The Corner


How Bad Are Those College ‘Summer Reading’ Books?

As I entered college back in 1969, all freshmen (sorry if I have just offended anyone) were assigned to read and to be prepared to discuss in English class a book entitled “The Educated Imagination” by Northrop Frye. I can’t say that I remember much about the book, but it definitely was not about political issues.

Over the years, the Left infiltrated the “summer book” reading assignment, just as it has infiltrated everything else. Nowadays, the choices mostly reflect “progressive” obsessions with the evils of Western society and the need for government to do more. Any student who actually bothers to read the book — there’s seldom any penalty for ignoring it — gets a blast of propaganda.

In this Martin Center article, Peter Wood, the president of the National Association of Scholars, comments on the weakness of most of the book choices.

Wood writes,

The vast majority of the books selected are very recent: younger than the students, and often published within just the last five years. That’s because the colleges and universities are racing to stay topical and putting no weight at all on the qualities that make a book survive beyond its immediate circumstances. When you are pushing politics on students, that’s what you get.

Moreover, the books are usually written at a high-school level. Wouldn’t want to make the kids think that college is going to be an intellectual challenge or some might leave.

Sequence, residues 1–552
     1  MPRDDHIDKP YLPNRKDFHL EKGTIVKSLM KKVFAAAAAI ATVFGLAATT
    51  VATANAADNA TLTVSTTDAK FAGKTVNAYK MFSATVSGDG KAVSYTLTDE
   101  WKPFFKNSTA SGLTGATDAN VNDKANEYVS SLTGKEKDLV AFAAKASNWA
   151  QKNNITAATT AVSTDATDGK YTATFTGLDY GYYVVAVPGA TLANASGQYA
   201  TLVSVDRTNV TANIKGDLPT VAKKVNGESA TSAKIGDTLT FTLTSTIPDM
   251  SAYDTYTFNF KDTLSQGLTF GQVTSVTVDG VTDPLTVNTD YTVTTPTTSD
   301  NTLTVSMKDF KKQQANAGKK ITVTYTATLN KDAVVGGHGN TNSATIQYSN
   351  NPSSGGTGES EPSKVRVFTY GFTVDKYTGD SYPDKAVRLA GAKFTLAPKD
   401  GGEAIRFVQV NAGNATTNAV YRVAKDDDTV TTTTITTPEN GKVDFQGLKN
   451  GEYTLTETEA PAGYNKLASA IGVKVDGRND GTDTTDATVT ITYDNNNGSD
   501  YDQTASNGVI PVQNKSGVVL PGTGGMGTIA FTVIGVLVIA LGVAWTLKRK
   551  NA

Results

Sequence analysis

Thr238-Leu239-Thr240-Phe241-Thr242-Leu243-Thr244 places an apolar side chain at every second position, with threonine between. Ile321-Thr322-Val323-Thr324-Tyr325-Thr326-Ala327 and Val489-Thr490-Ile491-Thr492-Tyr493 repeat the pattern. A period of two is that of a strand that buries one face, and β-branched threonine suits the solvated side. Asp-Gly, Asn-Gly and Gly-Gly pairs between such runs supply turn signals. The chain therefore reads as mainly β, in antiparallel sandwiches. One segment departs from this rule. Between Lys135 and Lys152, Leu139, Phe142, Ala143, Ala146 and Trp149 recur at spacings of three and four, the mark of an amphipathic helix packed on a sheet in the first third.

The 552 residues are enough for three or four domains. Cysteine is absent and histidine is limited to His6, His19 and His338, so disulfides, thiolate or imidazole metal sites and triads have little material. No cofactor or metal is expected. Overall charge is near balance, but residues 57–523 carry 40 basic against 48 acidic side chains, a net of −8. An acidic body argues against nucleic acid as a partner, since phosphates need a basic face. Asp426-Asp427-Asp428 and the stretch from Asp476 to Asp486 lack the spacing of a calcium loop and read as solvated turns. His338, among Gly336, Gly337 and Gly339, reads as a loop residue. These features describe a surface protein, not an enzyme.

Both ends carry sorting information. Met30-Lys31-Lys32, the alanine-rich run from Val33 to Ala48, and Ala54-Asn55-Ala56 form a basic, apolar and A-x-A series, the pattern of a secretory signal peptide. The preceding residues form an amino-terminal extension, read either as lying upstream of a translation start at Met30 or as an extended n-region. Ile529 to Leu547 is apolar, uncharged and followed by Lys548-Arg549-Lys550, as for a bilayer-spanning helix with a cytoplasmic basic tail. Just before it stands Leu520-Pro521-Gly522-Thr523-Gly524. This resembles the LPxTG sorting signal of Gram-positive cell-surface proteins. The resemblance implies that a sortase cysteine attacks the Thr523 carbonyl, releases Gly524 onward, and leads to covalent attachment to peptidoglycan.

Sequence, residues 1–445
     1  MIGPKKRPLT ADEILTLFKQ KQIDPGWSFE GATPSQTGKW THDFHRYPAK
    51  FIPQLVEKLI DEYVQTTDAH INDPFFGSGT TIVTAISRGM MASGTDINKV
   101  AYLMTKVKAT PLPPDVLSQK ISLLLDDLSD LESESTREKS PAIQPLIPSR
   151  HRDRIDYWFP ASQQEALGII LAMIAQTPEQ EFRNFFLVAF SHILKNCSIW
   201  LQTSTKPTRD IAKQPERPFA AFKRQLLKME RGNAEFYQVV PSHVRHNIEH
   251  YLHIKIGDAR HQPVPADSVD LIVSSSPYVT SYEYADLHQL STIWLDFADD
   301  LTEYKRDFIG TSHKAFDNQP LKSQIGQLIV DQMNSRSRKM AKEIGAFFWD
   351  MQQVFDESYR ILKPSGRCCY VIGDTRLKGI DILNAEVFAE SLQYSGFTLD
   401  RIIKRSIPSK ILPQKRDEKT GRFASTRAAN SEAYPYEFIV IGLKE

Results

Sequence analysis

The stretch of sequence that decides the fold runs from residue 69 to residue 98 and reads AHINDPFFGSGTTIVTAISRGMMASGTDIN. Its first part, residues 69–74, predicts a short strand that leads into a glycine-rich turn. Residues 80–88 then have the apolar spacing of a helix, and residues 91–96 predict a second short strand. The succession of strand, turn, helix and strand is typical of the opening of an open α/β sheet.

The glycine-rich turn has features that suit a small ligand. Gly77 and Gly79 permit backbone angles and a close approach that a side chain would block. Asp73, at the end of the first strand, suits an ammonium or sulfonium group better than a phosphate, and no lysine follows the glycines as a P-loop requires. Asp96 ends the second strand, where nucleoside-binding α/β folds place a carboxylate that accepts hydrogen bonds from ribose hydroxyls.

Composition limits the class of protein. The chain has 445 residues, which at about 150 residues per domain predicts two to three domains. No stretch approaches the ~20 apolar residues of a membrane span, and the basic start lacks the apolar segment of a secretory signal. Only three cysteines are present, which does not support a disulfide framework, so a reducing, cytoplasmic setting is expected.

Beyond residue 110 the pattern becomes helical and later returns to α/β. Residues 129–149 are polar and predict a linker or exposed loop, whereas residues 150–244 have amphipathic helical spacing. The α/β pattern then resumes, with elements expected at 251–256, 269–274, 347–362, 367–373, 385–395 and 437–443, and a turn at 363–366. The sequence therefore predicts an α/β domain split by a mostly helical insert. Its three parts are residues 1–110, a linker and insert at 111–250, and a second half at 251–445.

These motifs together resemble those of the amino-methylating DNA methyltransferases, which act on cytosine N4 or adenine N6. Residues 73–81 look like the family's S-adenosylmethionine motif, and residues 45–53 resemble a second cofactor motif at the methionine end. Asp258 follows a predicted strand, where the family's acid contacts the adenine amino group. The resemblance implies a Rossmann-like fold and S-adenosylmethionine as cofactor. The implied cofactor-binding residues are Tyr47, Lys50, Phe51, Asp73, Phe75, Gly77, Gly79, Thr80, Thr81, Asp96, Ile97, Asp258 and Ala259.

Rather than just cursing the darkness, however, NAS has published a list of books that would make for good choices, and Wood links to that list in his article. He writes,

We plainly don’t think college freshmen need to be protected from books that criticize America or raise troubling social issues. There are numerous worthy books that raise hard questions that students at the level of college should be prompted to examine. But it is far better to prompt them with books that exemplify excellent writing, that have stood the test of time, and that pose some degree of intellectual challenge.

Anyone who wants to try to try to influence the summer-book choice at a college or university should take a look at the NAS list and advocate selecting a book that’s on it.

George Leef is the the director of editorial content at the James G. Martin Center for Academic Renewal.